Once you’ve learned these words, you’ll never forget them.

The words we will learn are the Japanese words for the following:

  • cat
  • hill
  • shrine (temple-like)
  • desk
  • room

All you need to do is read the below sentences.

For each “Imagine” sentence, close eyes and try to vividly imagine the details for 10 seconds. While you are imagining repeat the Japanese word to yourself.

Let’s go:

1. CAT – The Japanese for cat is neko (neh – koh)

Imagine a cat with a long NECK

2. HILL – The Japanese for hill is saka (sah – kah)

Imagine a boy playing SOCCER on a hill

3. SHRINE – The Japanese for shrine is jinja (jin – jah)

Imagine a shrine made entirely from GINGERBREAD

4. DESK – The Japanese for desk is tsukue (soo – koo – eh)

Imagine the removalists TOOK AWAY your desk

5. ROOM – The Japanese for room is heya (hay – yah)

Imagine bales of HAY ALL over your room

So simple! Now you’ll never forget those five words!

To learn hundreds of Japanese words fast, visit http://www.SpeakJapaneseFast.com

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The “ands” of Japanese

In Japanese there are many ways that you can say and. In today’s lesson we will discuss two common ways and their differences.

You are probably familiar with the normal Japanese word for and.

It is to (pronouned “toh”)

This and is used in cases where you are describing a finite list.

For example, we would use to in the following sentence:

There is a book and a pencil on top of the table (but nothing else on the table)

hon to enpitsu ga teburu no ue ni arimasu

But, in the following example we need to use a different “and”. The following example is of an infinite list:

There is a book and a pencil on top of the table (but there’s other stuff on top of the table too)

hon ya enpitsu ga teburu no ue ni arimasu

So, the simple rule to follow is if you are creating an infinite list use ya, otherwise use to.

Let’s look at each word individually:

hon book

enpitsu pencil

to and (used for finite lists, ie. the list includes everything)

ya and (used for infinite lists, ie. the list doesn’t include everything)

ga subject marker particle

teburu table

no possessive particle

ue top

ni direction particle

arimasu to exist (there is)

See you next time,


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Coming and Going in Japanese

Today’s lesson is a short one.

Today we’ll discuss coming and going in Japanese.

When you return home for the day you would probably say something like, “I’m home” or “I’m back”. In response, your wife, husband, family, etc. may say something like “Welcome home”.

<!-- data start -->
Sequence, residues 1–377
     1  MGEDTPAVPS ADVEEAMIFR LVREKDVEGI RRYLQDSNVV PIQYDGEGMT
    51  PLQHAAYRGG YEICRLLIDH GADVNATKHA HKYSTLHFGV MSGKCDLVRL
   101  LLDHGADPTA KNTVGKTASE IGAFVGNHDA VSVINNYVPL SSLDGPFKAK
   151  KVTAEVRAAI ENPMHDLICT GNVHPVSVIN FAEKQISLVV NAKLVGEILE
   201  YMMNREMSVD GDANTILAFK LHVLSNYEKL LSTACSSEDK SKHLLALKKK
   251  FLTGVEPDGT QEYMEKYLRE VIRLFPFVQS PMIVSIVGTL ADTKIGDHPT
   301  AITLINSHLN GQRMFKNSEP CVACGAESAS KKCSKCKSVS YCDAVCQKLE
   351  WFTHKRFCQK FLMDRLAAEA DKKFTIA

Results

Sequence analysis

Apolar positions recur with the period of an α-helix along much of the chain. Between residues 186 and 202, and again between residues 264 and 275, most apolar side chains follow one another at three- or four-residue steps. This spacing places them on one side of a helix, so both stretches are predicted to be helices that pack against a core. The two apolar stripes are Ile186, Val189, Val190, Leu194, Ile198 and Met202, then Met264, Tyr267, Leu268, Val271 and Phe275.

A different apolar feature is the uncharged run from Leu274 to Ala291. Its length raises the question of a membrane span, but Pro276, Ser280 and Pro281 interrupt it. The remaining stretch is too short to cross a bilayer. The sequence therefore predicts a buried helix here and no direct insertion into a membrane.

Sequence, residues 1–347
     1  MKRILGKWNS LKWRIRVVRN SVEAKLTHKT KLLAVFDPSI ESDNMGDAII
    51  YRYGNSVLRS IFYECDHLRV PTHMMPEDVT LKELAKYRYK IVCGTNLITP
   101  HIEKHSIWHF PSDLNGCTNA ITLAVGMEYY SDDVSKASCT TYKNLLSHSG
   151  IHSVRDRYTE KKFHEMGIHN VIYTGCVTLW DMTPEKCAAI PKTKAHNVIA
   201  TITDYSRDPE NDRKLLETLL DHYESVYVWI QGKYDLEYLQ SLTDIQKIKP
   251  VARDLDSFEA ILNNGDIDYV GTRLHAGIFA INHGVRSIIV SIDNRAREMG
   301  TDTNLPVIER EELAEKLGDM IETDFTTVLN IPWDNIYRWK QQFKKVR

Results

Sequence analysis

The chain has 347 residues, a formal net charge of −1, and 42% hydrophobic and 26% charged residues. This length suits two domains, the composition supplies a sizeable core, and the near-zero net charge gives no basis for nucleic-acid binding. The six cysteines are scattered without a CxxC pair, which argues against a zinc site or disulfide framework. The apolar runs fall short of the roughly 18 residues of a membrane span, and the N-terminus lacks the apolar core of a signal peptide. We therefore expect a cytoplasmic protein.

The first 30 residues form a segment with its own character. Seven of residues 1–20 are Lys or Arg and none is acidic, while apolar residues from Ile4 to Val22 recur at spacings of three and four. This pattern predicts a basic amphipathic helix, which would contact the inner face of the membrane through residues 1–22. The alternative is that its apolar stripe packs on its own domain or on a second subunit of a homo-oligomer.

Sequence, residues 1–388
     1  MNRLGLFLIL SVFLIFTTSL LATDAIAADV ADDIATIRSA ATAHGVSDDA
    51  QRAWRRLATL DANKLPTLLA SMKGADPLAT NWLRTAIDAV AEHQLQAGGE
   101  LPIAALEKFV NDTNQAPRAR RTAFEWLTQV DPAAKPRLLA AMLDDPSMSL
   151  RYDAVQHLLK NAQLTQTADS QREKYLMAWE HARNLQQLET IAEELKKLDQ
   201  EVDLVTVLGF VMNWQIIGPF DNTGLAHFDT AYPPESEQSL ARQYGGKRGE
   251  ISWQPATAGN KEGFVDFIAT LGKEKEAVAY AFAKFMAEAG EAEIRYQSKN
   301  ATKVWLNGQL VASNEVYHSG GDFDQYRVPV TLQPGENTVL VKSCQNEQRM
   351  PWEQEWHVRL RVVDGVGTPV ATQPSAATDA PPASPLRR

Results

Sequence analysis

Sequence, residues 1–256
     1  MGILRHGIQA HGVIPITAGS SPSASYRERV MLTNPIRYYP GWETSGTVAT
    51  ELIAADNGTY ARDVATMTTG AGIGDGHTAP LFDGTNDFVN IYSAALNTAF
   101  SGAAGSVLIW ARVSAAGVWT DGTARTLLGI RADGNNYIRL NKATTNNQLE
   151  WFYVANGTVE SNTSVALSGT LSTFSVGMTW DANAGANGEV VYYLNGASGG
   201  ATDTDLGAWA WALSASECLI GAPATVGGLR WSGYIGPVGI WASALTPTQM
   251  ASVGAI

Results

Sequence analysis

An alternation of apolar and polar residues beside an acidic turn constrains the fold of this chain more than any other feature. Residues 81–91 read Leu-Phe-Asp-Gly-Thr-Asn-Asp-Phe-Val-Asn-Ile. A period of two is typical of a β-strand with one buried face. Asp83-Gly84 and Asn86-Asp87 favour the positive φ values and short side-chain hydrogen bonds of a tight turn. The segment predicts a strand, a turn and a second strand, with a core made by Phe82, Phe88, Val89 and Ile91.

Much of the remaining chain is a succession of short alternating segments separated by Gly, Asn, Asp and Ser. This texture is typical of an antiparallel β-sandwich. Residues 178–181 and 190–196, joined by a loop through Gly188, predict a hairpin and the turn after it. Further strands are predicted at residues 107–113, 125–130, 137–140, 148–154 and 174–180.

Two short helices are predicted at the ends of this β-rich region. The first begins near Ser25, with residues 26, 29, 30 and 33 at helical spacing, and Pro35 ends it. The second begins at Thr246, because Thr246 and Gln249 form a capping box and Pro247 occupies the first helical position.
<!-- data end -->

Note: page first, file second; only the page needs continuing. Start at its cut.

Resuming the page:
There are equivalents that are used in Japanese. These are generally used, in most situations in Japan (where you are returning from something).

For example:

  • when you return home
  • when you return to the office
  • when you get back to Japan and you are visiting someone for the first time since being back

To say “I’m back” in Japanese you say tadaima (loosely translates to “just now”)

To say “Welcome home” in Japanese you say okaeri (kaeri comes from kaerimasu – to return)

See you next time 🙂

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Saying where you live in Japanese

Hi All, Long time no see!

Today’s lesson is talking about where you live.

In this lesson we are going to use the verb “to live”.

The root verb/dictionary verb of to live is sumu.

When you talk about where you live, you must use a progressive tense verb. For example, “I am living in Japan.”

To make a verb progressive, we need to switch the -te form and add imasu.

(If you want to a quick lesson of converting forms of verbs see this post)

So “to live” becomes “living”. sumu becomes sunde imasu

Let’s look at some examples:

I live in Japan/I am living in Japan

watashi wa ni hon ni sunde imasu

I live in Osaka, Japan/ I am living in Osaka, Japan

watashi wa ni hon no osaka ni sunde imasu

I live in Melbourne/I am living in Melbourne

watashi wa meruborun ni sunde imasu

Let’s quickly review each of the sentence parts:

watashi I

wa topic marker particle

ni hon Japan

osaka Osaka

meruborun Melbourne

ni direction/to/from particle

sunde imasu living